19 First Ladies Meet, Vow Fight on Drugs : Mrs. Reagan Stresses Key Role of Parent Groups, Private Sector
Declaring that illicit drugs “rip right through the moral fiber of our countries,” First Lady Nancy Reagan gathered together the wives of 18 heads of state to “compare and trade ideas” in an unusual, two-day conference on drug abuse, which began Wednesday at the White House.
The meeting, which moves today to Atlanta, emphasized the roles of parent groups, the private sector and Mrs. Reagan herself in fighting drug abuse in the United States.
Mrs. Reagan’s eyes misted as one of the speakers, a former drug abuser, began crying as she told her dramatic personal story. Robin Page, a 16-year-old from Cincinnati, said she remembered waking up in the hospital after overdosing on drugs and alcohol. She was 14 at the time.
“I kept thinking,” Page said, choking on her tears, “if you just don’t let me wake up and see (her mother’s) face again. I’m so sick of seeing the disappointment.”
But Tsutako Nakasone, wife of the Japanese prime minister, told Page she was surprised by her earlier statement that she had not realized she had a drug problem.
‘Not an Issue’ in Japan
“I thought addicts knew they had problems,” Nakasone said through an interpreter. “In Japan this issue is not an important social issue. I have learned a great deal.”
The White House invited first ladies from nations that previously had sent representatives to international meetings of the Parent Resource Institute for Drug Education (PRIDE) in Atlanta, including Argentina, Bolivia, Canada, Colombia, Ecuador, West Germany, Ireland, Italy, Jamaica, Japan, Malaysia, Mauritius, Mexico, Norway, Pakistan, Portugal and Panama.
After hearing Page speak, Marie Elizabeth Seaga of Jamaica said: “I’m going to take the message home to get close to our children--be like brothers and sisters to them.”
Page spent in a year in the controversial Straight Inc., rehabilitation program, which has been sued several times and accused by the ACLU and other parties of false imprisonment, assault and battery, medical malpractice and other violations. Page went on to become a counselor there and met Mrs. Reagan when the First Lady toured the facility.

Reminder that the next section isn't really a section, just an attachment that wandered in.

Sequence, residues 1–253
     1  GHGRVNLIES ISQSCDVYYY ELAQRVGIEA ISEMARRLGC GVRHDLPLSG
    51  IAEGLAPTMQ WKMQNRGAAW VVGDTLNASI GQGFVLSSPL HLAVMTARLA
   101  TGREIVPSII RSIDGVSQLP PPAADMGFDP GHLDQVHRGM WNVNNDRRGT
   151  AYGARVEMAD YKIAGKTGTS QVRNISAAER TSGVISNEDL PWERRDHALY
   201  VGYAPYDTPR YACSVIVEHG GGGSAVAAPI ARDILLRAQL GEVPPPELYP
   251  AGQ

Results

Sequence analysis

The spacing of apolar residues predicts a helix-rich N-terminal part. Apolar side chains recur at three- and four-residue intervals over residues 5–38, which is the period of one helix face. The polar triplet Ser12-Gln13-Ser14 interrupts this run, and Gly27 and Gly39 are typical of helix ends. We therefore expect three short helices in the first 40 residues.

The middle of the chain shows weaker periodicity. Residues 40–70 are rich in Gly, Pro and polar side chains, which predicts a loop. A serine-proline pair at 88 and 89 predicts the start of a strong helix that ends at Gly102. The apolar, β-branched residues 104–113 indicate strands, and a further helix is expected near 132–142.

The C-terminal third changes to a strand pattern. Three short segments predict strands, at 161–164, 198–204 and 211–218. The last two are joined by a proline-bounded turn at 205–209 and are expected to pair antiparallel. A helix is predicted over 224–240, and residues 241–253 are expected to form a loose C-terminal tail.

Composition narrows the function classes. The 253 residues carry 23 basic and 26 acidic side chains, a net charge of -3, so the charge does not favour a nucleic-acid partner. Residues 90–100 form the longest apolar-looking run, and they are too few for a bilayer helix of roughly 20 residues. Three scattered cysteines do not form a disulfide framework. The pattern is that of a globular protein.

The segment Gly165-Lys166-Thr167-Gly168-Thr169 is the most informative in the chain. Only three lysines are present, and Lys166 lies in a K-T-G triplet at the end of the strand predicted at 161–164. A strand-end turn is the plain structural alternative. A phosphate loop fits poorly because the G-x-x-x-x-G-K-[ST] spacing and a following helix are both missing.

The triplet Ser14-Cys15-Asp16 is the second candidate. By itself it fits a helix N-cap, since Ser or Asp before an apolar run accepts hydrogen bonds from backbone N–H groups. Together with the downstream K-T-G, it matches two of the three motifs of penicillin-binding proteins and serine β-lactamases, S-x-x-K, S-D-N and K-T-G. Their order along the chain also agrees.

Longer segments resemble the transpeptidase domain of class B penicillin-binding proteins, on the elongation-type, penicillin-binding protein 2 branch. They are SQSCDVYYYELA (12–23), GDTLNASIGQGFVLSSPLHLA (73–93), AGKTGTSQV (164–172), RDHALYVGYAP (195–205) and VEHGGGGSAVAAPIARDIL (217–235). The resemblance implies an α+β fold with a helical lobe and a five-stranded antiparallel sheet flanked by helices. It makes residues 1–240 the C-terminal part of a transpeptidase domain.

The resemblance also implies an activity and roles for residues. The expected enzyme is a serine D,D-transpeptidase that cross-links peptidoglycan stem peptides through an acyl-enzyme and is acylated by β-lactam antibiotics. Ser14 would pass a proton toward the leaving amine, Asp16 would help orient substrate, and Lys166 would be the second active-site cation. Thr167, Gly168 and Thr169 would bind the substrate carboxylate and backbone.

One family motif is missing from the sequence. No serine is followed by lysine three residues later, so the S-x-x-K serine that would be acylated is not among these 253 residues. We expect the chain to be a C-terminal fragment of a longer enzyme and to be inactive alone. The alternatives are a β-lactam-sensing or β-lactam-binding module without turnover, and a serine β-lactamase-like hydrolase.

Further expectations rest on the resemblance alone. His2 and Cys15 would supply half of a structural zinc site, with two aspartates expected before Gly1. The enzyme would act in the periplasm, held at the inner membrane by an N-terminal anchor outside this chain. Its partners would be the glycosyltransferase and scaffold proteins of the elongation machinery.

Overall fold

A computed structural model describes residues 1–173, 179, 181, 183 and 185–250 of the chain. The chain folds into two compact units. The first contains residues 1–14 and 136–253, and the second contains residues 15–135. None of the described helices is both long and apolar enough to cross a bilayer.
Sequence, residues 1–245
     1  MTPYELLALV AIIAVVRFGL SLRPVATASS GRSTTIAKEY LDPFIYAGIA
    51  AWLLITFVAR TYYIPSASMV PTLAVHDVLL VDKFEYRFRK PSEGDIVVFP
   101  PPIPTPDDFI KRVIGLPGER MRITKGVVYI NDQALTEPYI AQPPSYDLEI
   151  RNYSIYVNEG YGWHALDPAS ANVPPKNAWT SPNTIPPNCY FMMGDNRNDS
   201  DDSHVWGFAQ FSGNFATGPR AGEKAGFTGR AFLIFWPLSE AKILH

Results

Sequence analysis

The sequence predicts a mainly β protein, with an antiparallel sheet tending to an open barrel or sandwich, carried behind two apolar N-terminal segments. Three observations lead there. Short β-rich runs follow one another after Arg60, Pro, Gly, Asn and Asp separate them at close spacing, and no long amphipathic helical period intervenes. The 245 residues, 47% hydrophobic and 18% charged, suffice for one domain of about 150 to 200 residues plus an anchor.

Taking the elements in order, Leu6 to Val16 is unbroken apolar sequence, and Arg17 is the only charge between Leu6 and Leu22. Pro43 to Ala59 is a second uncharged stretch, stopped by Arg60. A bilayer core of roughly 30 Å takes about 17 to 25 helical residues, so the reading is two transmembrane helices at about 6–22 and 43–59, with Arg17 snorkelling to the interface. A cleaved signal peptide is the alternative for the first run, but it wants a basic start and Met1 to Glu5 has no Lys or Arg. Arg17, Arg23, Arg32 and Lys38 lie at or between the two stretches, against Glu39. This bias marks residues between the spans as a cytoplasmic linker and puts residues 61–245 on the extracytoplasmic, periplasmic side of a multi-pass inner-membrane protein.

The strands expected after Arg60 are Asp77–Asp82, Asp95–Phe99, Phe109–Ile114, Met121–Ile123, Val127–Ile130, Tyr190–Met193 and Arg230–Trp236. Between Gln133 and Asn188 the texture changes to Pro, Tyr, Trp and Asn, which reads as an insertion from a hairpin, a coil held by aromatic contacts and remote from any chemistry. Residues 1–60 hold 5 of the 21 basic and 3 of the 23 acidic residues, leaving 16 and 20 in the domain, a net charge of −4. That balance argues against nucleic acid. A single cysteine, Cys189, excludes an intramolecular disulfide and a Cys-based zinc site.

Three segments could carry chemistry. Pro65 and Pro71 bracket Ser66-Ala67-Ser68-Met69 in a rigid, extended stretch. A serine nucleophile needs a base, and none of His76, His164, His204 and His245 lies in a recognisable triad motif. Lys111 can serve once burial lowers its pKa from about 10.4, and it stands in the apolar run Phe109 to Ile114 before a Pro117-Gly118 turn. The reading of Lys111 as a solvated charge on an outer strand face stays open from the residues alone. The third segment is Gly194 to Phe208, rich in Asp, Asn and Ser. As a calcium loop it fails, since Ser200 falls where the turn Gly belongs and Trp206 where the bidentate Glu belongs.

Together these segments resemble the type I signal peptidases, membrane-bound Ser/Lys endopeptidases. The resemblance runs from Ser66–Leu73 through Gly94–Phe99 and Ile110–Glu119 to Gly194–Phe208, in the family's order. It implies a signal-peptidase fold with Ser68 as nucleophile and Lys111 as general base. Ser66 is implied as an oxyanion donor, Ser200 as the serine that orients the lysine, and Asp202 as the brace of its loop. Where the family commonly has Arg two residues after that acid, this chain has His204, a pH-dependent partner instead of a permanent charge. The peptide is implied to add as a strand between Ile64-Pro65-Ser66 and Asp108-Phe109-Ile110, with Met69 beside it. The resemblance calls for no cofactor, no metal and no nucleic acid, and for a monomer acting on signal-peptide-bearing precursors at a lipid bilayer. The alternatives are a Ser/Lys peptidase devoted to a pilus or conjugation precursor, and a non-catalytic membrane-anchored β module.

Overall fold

Variety of Speakers Heard
The women at Wednesday’s session heard from government specialists and several speakers from organizations that had been visited or aided by Mrs. Reagan: the National Federation of Parents for Drug-Free Youth, Oakland Parents in Action, Pharmacists Against Drug Abuse Foundation, Kiwanis International and public television station WQED-TV in Pittsburgh.
All of the speakers lavished praise on Mrs. Reagan and echoed her sentiment that “government cannot supply love, affection, attention, involvement and commitment the way the parent groups can.”
When asked about her husband’s proposed 40% cut in federal funding for drug abuse programs, Mrs. Reagan replied: “I’m speaking mother-to-mother today. I don’t get into the other.”
Marianne von Weizsaecker of West Germany and Maria Manuela Eanes of Portugal said they thought high unemployment was part of the cause of drug abuse, but Mrs. Reagan downplayed its importance.
“I support that it is a factor but I don’t believe it is the main factor,” she said. “There are lots of well-employed people involved in drugs.
“One young person told me: ‘You don’t understand the pressures we’re under. We need help.’ My answer was, ‘We’re going to have pressures all of our lives. Nobody ever promised us a rose garden. If you don’t learn to handle pressures when you are young, how are you going to get through life?’
“My mother has a saying: Little children, little problems; big children, big problems.”